Timeline: Central California through the pandemicClick here to view timeline in a new windowTwo months later, fear, concern, and case rates had grown so rapidly, a state of emergency was declared, and life for almost everyone changed seemingly overnight.
RELATED: Gov. Newsom issues statewide 'stay at home' order in effort to slow COVID-19
School campuses closed and classes shifted to virtual learning.
RELATED: Fresno Unified shuts down all schools until April 13 to prevent COVID-19 spread
The thought shifted to what that means for the athletes, specifically the college athletes who only have four short years of eligibility. Did the coronavirus really just take away one of those years?
So many questions and so much unknown, as everyone waded through similar situations, unsure of what life would look like, even the next day.
Then, Fresno County saw its first death, and our reality quickly worsened.
RELATED: Fresno Co. reports first coronavirus death, officials looking to ramp up testing
City officials began taking steps to ensure people wouldn't congregate, including removing equipment like tennis nets from parks.
Nursing homes in the Valley were reeling from the enormous spike in confirmed cases among residents and staff, showing how fast the virus could spread.
We saw progress, with Fresno Unified announcing that in-person classes will resume for thousands of students on August 17th... but then more setbacks came.
California reached two grim milestones, reporting its highest number of coronavirus cases in a single day - and surpassing New York state as having the most cases of COVID-19 in the nation.
RELATED: California reports record number of new COVID-19 cases
The Central Valley found itself in the national spotlight when federal health officials identified the region as one of ten COVID-19 hot spots in the U.S.
"It stings a little bit to be called out at the national level. I do feel like maybe this will help us get more resources, that this is going to be a wake-up call," said Fresno County's public health officer Dr. Rais Vohra in response.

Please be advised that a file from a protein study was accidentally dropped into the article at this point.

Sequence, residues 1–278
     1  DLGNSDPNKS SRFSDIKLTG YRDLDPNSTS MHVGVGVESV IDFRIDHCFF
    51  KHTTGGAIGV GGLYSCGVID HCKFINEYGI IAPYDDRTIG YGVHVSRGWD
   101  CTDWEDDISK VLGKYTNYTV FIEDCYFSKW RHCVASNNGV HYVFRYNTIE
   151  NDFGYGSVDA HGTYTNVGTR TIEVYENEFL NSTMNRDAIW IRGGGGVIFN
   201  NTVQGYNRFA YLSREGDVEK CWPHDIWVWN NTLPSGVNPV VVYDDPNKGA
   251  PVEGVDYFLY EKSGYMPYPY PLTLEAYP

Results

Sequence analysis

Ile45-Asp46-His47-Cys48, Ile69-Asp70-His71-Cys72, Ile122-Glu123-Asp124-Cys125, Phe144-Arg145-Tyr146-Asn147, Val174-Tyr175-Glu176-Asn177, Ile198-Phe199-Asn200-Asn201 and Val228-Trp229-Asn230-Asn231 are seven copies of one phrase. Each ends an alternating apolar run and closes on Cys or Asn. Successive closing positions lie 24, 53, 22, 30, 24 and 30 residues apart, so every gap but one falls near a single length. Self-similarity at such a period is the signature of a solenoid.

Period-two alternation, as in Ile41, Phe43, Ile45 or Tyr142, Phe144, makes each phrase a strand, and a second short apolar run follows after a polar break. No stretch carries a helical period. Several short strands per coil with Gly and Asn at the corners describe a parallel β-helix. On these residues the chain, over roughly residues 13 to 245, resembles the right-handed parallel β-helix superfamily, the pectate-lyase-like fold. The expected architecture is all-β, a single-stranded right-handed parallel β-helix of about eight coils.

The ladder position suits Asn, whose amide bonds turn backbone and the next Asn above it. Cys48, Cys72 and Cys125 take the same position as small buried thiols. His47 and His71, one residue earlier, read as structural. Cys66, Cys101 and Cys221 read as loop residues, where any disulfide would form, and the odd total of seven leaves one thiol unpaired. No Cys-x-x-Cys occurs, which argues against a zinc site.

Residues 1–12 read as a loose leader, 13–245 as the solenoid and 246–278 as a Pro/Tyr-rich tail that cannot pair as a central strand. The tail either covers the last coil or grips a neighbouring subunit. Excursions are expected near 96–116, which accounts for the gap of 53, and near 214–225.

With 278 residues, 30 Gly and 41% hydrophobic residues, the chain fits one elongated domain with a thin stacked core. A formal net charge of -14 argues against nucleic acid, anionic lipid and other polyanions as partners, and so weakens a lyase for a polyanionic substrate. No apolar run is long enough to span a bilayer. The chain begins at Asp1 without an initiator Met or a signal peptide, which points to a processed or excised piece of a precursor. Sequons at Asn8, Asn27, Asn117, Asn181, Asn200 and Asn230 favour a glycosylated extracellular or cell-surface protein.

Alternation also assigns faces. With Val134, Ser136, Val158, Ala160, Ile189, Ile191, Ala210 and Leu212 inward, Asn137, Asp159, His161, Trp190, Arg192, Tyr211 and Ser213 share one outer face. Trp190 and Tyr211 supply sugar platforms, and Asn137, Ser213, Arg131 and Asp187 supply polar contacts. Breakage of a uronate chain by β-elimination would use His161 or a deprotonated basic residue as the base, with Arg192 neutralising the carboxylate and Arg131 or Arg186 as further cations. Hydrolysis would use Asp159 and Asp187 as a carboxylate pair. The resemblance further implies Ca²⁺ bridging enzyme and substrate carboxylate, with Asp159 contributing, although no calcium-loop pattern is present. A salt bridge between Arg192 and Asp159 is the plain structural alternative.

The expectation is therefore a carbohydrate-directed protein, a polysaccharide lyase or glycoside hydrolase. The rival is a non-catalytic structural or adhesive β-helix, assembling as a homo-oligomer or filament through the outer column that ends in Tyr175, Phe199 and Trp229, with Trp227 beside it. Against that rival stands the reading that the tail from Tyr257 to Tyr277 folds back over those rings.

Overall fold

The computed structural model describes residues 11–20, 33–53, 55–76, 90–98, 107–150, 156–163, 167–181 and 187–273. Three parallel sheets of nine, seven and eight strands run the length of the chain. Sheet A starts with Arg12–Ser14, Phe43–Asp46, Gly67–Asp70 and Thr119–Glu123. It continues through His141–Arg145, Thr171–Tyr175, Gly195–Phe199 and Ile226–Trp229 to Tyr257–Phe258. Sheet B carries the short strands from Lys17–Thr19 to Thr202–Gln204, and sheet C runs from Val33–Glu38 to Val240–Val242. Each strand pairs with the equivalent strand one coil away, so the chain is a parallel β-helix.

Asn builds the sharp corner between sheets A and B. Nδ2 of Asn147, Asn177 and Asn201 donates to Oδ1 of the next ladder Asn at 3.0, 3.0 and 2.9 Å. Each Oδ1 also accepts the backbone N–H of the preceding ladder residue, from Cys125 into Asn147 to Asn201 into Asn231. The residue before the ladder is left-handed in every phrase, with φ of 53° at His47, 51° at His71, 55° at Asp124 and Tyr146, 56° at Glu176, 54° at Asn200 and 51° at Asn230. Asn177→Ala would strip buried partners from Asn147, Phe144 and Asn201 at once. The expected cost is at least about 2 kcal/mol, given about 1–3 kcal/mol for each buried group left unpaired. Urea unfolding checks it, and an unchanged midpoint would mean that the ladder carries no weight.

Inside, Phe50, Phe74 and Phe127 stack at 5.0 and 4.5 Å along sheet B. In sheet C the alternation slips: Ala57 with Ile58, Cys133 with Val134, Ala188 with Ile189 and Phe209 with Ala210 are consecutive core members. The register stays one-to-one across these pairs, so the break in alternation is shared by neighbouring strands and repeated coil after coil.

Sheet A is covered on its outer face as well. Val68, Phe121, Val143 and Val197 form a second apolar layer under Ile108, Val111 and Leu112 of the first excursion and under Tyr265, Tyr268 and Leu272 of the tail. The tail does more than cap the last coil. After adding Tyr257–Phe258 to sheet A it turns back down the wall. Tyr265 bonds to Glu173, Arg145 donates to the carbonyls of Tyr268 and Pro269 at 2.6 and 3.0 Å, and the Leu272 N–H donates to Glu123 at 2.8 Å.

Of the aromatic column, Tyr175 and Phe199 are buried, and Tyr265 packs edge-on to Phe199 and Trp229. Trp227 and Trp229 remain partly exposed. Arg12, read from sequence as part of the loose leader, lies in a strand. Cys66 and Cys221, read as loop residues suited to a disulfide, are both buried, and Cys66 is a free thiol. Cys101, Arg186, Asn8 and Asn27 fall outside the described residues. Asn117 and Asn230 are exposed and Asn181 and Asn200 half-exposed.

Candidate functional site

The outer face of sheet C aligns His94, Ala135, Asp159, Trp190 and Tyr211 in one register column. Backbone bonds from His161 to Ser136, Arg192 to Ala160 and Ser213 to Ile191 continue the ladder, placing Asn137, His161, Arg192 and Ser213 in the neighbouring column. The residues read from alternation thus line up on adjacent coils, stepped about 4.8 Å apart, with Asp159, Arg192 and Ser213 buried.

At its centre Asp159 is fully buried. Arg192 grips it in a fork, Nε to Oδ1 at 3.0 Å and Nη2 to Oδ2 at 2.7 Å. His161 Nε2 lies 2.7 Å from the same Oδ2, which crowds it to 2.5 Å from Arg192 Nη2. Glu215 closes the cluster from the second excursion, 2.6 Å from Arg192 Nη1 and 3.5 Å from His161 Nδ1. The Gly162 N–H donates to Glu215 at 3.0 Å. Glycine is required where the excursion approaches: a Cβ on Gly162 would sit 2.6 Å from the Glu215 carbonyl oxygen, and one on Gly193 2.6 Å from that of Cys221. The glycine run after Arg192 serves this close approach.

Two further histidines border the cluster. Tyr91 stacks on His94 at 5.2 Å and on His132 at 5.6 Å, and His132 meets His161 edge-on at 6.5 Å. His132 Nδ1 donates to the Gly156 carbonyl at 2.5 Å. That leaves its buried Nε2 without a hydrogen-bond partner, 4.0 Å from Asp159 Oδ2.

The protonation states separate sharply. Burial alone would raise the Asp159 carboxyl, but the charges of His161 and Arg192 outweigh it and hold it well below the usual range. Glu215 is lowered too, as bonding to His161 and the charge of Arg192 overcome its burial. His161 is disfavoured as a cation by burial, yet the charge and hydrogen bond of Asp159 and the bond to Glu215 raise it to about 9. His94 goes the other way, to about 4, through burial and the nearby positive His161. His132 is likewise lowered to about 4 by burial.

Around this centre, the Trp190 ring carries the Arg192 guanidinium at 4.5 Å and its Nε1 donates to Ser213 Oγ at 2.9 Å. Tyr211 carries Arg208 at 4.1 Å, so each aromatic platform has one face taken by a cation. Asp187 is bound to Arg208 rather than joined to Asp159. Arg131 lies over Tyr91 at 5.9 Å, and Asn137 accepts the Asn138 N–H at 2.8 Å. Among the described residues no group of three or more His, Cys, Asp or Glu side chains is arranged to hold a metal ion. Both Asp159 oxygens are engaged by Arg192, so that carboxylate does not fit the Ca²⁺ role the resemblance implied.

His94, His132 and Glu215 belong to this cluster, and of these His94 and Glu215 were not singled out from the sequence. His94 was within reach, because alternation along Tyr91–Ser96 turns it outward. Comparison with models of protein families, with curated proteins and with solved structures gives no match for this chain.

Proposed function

RELATED: Central CA is one of the top COVID-19 hotspots in U.S., White House says
Governor Newsom issued a statewide order that required Californians to wear a mask in almost all public settings, including while at work.
So much uncertainty remained, as families tried to get back some sense of normalcy. But then the holiday season meant to celebrate family, friends, and togetherness, saw us sharing COVID too, with numbers skyrocketing back up.
RELATED: Fresno doctor says current spike in COVID-19 hospitalizations linked to Thanksgiving gatherings
Hospitalizations increased nearly 90% over a few weeks statewide.
RELATED: 'Write your own history': South Valley doctors, nurses make desperate plea to stay home for holidays
Governor Gavin Newsom warned of another stay-at-home order as the state is in danger of running out of ICU beds.
RELATED: Available hospital beds, staff dangerously low in Central Valley
But after that winter surge, hope was on the horizon - the COVID-19 vaccine arrived.
All our safety measures and vaccination efforts started paying off.
After more than a year on lockdown, Governor Newsom announced a plan to fully reopen California's economy if the drop in COVID-19 cases and hospitalizations continued.
Students across the Central Valley started to return to campuses.
RELATED: Clovis Unified returns to full in-person learning 5 days a week in fall
And on June 15, California took another step towards normalcy - toward gathering again, toward hugging and handshaking, and seeing each other smile again.
RELATED: Reopening California